Acquiring and retaining human capital is crucial for an organisation’s growth and success in a world where there is a constant war for talent. So, does salary become the most compelling tool for employee acquisition and retention? This is a topic of continuous debate and deliberation amongst employers; a dilemma that seldom resolves.
It seems that a satisfactory salary to hire and retain is an elusive global phenomenon. Even in the Middle East and North Africa regions, a significant 70% of professionals believe they are underpaid, with UAE professionals being the most underwhelmed lot by their incomes.
If we consider that cracking the desirable salary is the key to hiring and retaining talent, the booming Indian start-up industry gets us thinking. For the Indian start-up industry is a very good paymaster. A whopping 82% start-ups pay above the market median and yet they have a high attrition rate of 21%. Surprisingly, the most common reason for attrition is pay. Likewise, even in the Indian IT sector, employees were satisfied with their peers and bosses but dissatisfied with their wages, as revealed by the Monster Salary Index Report with WageIndex and IIM Ahmedabad. This is despite the fact that they enjoy the privilege of slightly higher bonuses as compared to the national average.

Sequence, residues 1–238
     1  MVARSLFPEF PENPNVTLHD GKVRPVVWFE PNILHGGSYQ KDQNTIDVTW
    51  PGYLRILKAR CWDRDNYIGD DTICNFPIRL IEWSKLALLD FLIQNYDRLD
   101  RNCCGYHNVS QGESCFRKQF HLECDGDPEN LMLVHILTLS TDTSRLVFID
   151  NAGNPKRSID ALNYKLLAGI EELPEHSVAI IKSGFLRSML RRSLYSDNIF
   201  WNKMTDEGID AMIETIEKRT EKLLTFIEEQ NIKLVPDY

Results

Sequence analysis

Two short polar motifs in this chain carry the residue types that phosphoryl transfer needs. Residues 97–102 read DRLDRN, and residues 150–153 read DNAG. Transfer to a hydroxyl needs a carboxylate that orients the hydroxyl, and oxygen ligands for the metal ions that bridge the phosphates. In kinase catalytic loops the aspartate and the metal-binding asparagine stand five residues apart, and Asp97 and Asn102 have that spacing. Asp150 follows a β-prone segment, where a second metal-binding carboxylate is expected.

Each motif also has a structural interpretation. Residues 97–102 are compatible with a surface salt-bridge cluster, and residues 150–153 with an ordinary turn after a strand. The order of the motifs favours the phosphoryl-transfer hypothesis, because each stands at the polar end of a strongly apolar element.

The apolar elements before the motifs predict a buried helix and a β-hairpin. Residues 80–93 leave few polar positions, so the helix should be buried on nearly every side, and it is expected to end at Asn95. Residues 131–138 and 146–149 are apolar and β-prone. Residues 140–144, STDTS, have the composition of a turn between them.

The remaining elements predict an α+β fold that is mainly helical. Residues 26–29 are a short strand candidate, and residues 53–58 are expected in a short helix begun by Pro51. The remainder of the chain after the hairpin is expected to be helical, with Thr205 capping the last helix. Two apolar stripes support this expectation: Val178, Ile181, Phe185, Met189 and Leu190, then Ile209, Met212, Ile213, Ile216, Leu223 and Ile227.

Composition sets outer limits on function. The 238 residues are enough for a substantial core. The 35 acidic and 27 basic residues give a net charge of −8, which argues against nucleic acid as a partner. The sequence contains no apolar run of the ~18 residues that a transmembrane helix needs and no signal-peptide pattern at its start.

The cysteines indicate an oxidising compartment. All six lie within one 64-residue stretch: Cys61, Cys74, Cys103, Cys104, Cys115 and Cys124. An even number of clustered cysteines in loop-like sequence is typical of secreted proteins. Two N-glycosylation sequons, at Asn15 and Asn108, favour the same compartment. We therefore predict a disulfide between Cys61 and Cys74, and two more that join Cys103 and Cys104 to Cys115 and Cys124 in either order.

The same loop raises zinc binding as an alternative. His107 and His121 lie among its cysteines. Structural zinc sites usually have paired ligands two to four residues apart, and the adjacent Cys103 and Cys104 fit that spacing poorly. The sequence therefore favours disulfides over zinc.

So, how much salary is good enough to acquire and retain talent even in the best-paying sectors? This is a dichotomy that resonates across economies and sectors.
Dig deeper and one starts unveiling the layered factors responsible for hiring and retention and their relationship with salary. It is important to find out what actually matters to an employee to come on board and then not quit sooner or later? Is it primarily money or do other intangible factors edge their way into making this decision?
A majority of people in the West have confessed that though salary tops the list of employer selection criteria, money isn’t everything. A good career opportunity is also high on the list, followed by benefits such as a good working atmosphere, a good work/life balance and a challenging job.
Similarly, in India, South-East Asia and Middle East job markets, the value at work is not just limited to money. A bunch of factors also come up such as job security, career advancement, base pay and title, learning and development, and the reputation of the organisation. Thus, salary is not just the reason that attracts talent but it is always